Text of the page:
Vorik privately wondered if the universe were conspiring against him. He and T’Loran had decided to wait until he actually began pon farr before having the wedding. He had almost decided to argue for holding it before the symptoms became too severe. He worried over whether or not she would be physically strong enough to keep him from accidentally hurting her if they waited too long. However, she was a staunch traditionalist and argued that Vulcans did not just elope. They waited until the proper time. Reluctantly, he conceded that she had a point and began to consider the delay a chance to display the qualities she would be able to expect from him as a husband during the times when he was not caught in the grip of his own chemical imbalance. Lieutenant Tuvok appeared somewhat amused by their decision while the rest of the crew was completely confused by the lack of affectionate (by human standards, at least) displays between the pair. Vorik frequently rose early to meet T’Loran and escort her to the mess hall for breakfast when they were working different shifts. T’Loran frequently brought him supper in his chambers and the pair of them sat together reading, meditating, talking, or playing kal-toh until late. They took turns straightening up and then retired to their respective quarters for sleep.
When Tuvok and Neelix were merged into an entity that called himself Tuvix, Vorik wondered if they would have to change their plans or if Tuvix retained enough of Tuvok’s memories and traits to perform the wedding ceremony or if they would just have to wait and see if Tuvok and Neelix could be separated without killing them. T’Loran was mostly amused to see Tuvix’s rather unique personality and she described the change in his emotional state as being much closer to Neelix than Tuvok. Once the two had been separated, she diplomatically refrained from saying anything about her observations to anyone other than Vorik.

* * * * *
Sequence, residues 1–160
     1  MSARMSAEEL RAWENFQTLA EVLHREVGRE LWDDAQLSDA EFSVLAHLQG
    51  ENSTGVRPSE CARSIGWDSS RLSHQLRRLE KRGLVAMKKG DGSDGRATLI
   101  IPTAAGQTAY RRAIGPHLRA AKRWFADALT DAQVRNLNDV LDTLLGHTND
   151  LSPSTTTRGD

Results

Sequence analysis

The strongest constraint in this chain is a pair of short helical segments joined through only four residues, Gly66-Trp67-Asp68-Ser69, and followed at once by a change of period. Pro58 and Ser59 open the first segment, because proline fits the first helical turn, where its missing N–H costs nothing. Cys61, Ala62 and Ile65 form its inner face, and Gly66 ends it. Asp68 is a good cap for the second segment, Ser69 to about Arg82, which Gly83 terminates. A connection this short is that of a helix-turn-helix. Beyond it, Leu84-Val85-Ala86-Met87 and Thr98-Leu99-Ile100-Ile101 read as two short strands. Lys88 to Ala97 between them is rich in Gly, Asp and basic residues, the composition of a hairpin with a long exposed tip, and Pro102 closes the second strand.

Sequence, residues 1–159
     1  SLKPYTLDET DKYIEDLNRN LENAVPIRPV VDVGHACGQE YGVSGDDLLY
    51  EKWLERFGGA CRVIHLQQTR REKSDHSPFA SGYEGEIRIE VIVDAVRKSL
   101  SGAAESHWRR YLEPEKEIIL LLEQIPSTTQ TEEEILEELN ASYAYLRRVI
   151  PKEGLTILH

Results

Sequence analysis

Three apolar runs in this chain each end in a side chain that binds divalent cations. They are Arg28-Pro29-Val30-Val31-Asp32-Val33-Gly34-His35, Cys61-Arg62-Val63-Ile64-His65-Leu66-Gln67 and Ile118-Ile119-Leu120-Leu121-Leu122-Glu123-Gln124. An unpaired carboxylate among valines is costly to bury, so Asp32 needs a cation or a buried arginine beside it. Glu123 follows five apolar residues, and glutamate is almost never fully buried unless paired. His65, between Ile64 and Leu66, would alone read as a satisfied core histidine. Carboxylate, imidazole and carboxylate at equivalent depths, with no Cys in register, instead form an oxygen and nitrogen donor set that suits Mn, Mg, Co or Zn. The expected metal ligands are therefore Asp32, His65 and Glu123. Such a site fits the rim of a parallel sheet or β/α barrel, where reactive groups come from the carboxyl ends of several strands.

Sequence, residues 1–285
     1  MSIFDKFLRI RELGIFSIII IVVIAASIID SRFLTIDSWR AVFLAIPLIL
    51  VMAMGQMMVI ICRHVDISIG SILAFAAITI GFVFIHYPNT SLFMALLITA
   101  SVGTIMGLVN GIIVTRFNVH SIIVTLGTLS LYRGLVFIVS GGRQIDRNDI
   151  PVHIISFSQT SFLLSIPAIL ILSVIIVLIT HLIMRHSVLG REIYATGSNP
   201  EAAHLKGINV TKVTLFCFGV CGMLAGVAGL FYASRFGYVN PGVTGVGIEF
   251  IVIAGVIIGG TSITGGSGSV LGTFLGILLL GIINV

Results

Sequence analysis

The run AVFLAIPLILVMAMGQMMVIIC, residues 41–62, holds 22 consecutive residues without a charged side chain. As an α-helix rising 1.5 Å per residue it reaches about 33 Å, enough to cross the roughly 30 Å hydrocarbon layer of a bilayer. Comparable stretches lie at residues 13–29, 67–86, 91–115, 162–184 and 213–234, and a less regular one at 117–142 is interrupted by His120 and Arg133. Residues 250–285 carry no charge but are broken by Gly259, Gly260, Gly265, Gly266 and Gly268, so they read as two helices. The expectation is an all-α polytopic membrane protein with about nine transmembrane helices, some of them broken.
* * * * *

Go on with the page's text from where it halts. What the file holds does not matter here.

Vorik, though somewhat saddened by Tuvix’s ‘death’ was more relieved to have Lieutenant Tuvok back so that, once they were ready, their wedding could proceed without needing to spend weeks preparing Captain Janeway for what would be expected. Shortly after the situation with Tuvix had resolved, however, it was the Captain herself and Commander Chakotay’s turn to experience tragedy as the pair contracted some virus while on an away mission. The weeks that followed were demoralizing for the entire crew and Vorik and T’Loran both did their best to try to help others come to terms with the loss of the Captain and her First Officer while not doing anything that would have stepped on acting-Captain Tuvok’s toes. Managing to avoid a mutiny while contacting and then fighting off the Vidiians, was another roller-coaster ride entirely but one that saw the Captain and Commander return to Voyager instead of being stranded alone in the Delta Quadrant. Now, their latest adventure seemed to be tracking down the Kazon for some reason that no one outside of the senior staff understood very clearly. The venture had been peaceful and calm enough that Vorik began to feel that, regardless of the reason, it might not be a waste of time.